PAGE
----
Colleges and universities host microcosms of society through student life: housing maintenance, meal planning, classes, and more. These institutions also exist within larger communities. Whether a small college town or a big city, universities and colleges have to coordinate with their outside communities all while monitoring their own internal communities.
These circumstances create many challenges during both daily life and emergencies. Information sharing, tasks delegation, and situational awareness are essential for institutions to establish. But there’s another element to consider: how to coordinate and work with the larger community surrounding the school?
It can be complicated to manage, especially in a crisis when so much is happening and with an impulse to respond as quickly as possible looming overhead. With this in mind, how can colleges and universities coordinate with their local communities to make sure needs are being met without redundancy?
Making Connections: Local Stakeholders
Institutions of higher education, in most cases, are intertwined with their local communities. As a higher education emergency manager, you need to know what the county, towns, and cities around your school are doing and any actions required by state regulations during an emergency.
Although not required, emergency managers in higher education often coordinate with other elementary and high schools during select emergencies. Open communication is a must for these emergency managers and their EOCs. City police can also be a presence on university campuses, another facet that necessitates open communication.
Higher education institutions may also lack certain resources. Their partnership with the local entities and their community comes in. External stakeholders can grant the schools additional resources and come in to assist in management and distribution.
When external stakeholders are involved, who takes the lead can depend on the scope of the emergency. The take-point toss up can cause a breakdown in communication and authority, so higher education EOCs and their emergency managers need tools that keep things as organized as possible.
Prior Knowledge: Special Events
Special events also add a wrinkle; clarity between stakeholders is critical. Colleges and universities should notify their local authorities and leaders of upcoming large events like a commencement, as the occasion will impact the locality with increased traffic and tourism.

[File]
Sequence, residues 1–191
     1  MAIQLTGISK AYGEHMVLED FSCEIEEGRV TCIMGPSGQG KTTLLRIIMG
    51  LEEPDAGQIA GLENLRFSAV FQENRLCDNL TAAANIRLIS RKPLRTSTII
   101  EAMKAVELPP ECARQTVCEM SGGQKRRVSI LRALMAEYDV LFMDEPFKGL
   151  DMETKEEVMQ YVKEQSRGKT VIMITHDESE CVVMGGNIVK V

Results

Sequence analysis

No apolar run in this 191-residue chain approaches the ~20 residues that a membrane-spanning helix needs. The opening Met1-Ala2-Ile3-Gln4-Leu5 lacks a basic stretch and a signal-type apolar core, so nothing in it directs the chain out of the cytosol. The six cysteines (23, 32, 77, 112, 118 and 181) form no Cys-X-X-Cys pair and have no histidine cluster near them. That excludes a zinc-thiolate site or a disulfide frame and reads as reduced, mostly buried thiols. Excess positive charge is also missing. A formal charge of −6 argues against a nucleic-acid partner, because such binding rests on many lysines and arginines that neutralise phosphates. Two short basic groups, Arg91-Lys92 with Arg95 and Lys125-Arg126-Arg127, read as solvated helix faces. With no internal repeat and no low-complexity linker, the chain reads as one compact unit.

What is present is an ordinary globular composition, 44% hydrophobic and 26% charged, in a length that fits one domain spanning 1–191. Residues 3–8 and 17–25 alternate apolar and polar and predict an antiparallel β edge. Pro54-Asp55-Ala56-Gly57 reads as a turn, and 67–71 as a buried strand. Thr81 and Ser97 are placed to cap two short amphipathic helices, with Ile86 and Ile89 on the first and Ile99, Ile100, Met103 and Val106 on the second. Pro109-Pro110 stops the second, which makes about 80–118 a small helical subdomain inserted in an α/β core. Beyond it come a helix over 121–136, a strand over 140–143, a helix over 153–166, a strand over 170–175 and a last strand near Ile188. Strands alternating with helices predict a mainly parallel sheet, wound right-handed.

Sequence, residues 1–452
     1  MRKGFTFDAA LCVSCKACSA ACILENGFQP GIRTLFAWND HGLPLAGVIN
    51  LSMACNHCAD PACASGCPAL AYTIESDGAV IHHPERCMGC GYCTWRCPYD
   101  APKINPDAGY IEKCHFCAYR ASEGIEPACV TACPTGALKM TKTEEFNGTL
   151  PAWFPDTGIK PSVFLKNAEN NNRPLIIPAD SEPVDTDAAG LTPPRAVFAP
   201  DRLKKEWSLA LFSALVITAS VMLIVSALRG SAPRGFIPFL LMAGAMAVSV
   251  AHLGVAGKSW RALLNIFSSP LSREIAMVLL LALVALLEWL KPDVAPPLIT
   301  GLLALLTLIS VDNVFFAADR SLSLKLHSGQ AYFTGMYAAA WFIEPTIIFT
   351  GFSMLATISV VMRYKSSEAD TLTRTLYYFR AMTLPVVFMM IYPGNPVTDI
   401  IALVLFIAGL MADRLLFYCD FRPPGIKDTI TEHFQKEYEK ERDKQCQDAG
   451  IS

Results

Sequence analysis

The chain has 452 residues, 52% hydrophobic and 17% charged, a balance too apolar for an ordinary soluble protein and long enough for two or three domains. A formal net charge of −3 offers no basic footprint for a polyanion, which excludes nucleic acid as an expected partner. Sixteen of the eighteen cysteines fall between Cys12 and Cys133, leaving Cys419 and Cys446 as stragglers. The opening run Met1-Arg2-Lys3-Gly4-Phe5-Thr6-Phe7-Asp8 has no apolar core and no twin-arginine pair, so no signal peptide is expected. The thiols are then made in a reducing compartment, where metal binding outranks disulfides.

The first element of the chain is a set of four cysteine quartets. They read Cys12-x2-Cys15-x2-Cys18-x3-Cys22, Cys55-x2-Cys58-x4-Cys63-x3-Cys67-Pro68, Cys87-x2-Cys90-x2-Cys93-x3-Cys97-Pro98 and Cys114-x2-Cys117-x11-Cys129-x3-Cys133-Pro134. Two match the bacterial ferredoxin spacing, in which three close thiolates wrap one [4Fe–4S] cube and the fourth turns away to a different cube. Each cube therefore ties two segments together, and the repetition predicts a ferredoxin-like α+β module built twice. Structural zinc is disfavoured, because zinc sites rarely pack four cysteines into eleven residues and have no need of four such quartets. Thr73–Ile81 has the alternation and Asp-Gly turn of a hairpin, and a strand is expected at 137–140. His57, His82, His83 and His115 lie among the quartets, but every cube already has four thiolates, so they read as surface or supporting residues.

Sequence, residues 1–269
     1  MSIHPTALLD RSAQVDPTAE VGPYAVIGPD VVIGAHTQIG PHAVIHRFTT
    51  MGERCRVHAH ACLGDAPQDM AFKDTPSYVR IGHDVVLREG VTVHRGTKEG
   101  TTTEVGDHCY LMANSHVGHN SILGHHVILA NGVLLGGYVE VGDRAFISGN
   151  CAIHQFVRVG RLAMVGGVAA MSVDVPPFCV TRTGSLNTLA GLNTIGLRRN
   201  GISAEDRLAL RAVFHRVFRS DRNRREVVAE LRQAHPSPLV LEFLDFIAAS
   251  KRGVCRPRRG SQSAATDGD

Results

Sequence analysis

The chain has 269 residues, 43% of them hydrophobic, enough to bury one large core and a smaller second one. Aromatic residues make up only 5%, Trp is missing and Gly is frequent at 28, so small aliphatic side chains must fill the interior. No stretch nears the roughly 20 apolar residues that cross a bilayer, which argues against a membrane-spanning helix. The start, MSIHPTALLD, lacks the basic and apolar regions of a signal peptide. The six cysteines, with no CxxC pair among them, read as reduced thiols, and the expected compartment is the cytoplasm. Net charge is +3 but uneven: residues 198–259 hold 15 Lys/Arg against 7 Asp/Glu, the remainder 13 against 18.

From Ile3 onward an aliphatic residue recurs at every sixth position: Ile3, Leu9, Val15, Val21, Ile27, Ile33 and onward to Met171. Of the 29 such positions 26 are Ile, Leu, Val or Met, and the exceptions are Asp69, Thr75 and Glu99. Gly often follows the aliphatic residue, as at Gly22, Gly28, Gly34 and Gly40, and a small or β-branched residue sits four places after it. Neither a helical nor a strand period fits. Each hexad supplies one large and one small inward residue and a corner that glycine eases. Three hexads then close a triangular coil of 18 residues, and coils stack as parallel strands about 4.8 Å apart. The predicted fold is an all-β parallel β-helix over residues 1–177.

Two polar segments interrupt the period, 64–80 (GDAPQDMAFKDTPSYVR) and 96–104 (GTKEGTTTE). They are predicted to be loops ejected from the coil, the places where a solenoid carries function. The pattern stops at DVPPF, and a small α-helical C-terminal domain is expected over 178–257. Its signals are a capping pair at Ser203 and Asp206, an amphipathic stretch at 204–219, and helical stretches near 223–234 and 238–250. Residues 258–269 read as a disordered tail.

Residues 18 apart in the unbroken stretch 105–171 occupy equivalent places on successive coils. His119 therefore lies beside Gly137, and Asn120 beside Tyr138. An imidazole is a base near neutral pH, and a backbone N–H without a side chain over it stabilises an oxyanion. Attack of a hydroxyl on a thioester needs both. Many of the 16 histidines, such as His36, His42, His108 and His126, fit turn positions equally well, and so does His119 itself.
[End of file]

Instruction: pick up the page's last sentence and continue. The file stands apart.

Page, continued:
During a game day, the paramedics and police stationed throughout the stadium need to check in and coordinate with university EMs. Hospitals and other healthcare entities are also ready to field potential accidents from the celebrations. And in some cases, higher education institutions may be part of a larger network that collectively responds to an emergency through a system office.
Prior to the digitized norm, EOCs would have a representative in the building to represent each set of stakeholders. But now, most people are disparate, and the need to communicate and work together virtually is higher than ever before.
Making the Move to a Platform
Moving to a virtual platform allows schools and their EOCs to wrap in everyone regardless of location. Medical staff can use a platform to talk with an emergency manager on game day and notify a local hospital of an accident on its way to the ER. Most importantly, roles, responsibilities, and tasks can be cleanly assigned beforehand through a plan and launched at will, removing any confusion inherent to coordinating with so many different parties.
Most digital platforms also come with analytics tools built in. Dashboards provide a visual representation of responsibilities as well as a central point of command for everyone to reference. Requesting resources becomes streamlined with forms and workflows. With more and more stakeholders online, be it university EMS, city officials, or other collaborators, communication and situational awareness improve exponentially.
Platforms also enable tabletop exercises and drills. Colleges and universities can either run their own exercises or participate in those run by their local stakeholders, or have school representatives involved as subject matter experts. Exercises build familiarity and provide points of improvement for universities and other stakeholders to work into their plans for real events. Additionally, exercises and drills let schools build a rapport with their local stakeholders, a benefit that stays out of view until it really matters
Universities are in a unique position, as they have to deal with their own internal world while also coordinating with entities outside of campus to handle events and incidents. Digital programs simplify the lift, clearing confusion and ensuring all parties have situational awareness and know their responsibilities.